Salvaging extremely well-preserved Roman mosaics: cultural property and 'Europe'
Eisuke Tanaka (Fukuoka Jo Gakuin University)
Paper short abstract:
This paper will explore how the importance of historical objects marked as 'cultural property' is elaborated and articulated in relation to the category of 'Europe', by focusing on extremely well-preserved Roman mosaics found through the rescue excavation at Zeugma, south-east Turkey.
Paper long abstract:
This paper will explore how the importance of historical objects marked as 'cultural property' is elaborated and articulated in relation to the category of 'Europe' by focusing on a case from Turkey, a country which has a lot of material remains that present 'European' pasts (i.e. classical antiquity) rather than 'Turkish' ones and is actually applying for an EU membership. Discussions concerning cultural property suggest that cultural manifestations are considered to belong to two collective or communal entities i.e. 'heritage' of a particular community (i.e. a nation or an ethnic group) and 'common heritage' or 'heritage of humanity.' The importance of protecting cultural property is articulated from these two points of view. Notably, the protection of cultural manifestations as 'common heritage' is often claimed by those from 'Europe.' The EU funded conservation programmes for 'common heritage' in the Mediterranean regions, and some European non-governmental organisations that are concerned with the protection of cultural property often protest against development projects outside 'Europe,' which would affect historical and archaeological sites considered 'heritage of humanity.' One such case is that of Zeugma in Turkey, where in 2000 rescue excavations found extremely well-preserved Roman mosaics. Turkish media attention to this issue was stimulated by international (including 'European') media coverage. Analysing the controversy over the rescue excavation project conducted at Zeugma, this paper will examine what it means for different groups involved in this case, 'European' media and institutions concerned with the protection of cultural property, Turkish state agencies, Turkish and foreign archaeologists, and locals, to 'protect' things considered 'cultural property'; and how in each case they claim importance of protecting Roman mosaics found at Zeugma both in relation to the idea of 'heritage' of a particular community (i.e. a nation or an ethnic group) and that of 'common heritage.' It will suggest that the importance of the mosaics as 'world heritage' mainly claimed from 'Europe,' is adopted and adapted by those involved in Turkey to formulate their arguments to protect Turkey's important cultural property.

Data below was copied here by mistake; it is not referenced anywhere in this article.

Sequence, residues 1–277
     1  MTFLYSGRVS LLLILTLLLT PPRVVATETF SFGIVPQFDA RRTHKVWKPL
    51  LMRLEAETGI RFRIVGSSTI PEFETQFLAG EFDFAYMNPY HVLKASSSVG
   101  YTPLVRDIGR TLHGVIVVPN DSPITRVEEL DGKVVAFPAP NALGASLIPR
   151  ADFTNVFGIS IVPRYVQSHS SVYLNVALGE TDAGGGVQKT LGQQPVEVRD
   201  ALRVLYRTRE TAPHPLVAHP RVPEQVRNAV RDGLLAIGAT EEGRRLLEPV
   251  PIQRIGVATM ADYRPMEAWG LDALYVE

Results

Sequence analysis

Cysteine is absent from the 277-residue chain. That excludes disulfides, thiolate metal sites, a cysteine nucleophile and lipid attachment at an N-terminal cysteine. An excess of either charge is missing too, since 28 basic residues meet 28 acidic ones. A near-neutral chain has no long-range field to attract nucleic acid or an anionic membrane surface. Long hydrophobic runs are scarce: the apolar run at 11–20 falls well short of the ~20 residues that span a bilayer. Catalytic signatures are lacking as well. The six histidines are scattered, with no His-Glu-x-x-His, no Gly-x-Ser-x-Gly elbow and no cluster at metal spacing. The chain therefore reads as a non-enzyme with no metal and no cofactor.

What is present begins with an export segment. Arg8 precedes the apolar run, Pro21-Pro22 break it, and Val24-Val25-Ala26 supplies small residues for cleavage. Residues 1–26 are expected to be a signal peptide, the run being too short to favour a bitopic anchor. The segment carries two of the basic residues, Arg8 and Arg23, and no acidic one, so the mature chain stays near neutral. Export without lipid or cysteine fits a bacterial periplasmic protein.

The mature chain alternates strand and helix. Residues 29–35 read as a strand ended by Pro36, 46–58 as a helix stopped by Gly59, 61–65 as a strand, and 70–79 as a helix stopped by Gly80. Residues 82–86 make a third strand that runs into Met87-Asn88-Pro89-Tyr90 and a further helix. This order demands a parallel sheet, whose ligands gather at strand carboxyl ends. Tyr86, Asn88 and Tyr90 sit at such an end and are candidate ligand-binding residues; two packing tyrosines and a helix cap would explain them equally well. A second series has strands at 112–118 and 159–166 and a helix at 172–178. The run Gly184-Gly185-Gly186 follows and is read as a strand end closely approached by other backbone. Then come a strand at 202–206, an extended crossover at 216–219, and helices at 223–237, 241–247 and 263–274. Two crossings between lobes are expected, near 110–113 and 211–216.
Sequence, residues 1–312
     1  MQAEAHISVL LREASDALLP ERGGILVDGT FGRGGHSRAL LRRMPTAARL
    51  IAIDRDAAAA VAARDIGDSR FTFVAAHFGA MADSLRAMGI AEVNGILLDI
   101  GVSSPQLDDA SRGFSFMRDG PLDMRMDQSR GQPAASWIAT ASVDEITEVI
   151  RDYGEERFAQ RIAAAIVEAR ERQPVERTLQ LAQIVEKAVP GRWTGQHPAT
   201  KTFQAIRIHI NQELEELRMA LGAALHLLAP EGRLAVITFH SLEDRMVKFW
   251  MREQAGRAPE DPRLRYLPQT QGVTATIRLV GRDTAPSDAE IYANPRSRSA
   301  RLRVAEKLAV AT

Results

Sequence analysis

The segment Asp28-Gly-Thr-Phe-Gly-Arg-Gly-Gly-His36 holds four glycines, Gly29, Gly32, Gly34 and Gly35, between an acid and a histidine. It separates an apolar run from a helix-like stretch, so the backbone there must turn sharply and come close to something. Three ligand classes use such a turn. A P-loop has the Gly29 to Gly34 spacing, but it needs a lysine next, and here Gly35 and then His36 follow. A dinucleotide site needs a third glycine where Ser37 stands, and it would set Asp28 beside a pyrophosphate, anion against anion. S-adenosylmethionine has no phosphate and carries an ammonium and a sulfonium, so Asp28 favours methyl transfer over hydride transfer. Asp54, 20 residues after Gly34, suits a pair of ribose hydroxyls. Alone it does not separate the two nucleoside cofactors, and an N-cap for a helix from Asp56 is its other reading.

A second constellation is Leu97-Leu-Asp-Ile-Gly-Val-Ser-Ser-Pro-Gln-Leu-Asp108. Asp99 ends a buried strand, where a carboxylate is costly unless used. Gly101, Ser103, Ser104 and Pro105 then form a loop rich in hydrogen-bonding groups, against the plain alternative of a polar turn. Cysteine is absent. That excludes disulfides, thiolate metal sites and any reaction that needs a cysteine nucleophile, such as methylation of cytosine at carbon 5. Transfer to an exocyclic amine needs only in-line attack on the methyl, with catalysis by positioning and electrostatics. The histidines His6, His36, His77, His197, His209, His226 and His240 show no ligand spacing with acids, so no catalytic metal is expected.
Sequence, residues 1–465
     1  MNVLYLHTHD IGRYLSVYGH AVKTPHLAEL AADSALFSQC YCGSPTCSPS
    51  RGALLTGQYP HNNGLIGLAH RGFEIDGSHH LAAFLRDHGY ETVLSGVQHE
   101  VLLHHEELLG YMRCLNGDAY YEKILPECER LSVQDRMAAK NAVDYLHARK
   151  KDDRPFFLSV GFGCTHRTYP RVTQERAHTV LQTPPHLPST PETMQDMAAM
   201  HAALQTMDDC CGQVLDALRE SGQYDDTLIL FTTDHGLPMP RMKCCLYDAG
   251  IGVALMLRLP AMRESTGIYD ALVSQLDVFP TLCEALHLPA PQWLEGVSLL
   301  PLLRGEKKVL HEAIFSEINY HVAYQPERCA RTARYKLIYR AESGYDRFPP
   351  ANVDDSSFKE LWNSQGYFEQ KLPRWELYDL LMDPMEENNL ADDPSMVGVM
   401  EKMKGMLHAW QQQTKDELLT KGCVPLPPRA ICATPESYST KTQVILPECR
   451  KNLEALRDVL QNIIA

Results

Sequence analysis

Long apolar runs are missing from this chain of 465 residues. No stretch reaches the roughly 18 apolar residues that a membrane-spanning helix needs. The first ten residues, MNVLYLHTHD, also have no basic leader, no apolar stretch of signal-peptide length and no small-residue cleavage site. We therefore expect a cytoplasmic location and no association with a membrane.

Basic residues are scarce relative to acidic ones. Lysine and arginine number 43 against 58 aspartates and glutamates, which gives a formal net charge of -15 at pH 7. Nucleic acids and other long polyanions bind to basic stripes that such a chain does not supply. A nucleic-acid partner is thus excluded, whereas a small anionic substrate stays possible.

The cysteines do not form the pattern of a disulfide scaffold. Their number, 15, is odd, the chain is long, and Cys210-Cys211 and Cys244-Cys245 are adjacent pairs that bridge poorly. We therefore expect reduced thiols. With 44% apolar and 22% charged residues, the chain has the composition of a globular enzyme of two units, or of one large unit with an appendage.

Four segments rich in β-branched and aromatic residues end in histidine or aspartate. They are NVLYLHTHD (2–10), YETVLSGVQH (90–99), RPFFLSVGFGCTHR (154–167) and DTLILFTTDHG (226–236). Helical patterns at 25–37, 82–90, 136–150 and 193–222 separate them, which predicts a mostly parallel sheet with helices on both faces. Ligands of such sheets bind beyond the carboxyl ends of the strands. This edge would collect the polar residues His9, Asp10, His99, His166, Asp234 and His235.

Neither here nor there: locating and identifying Europe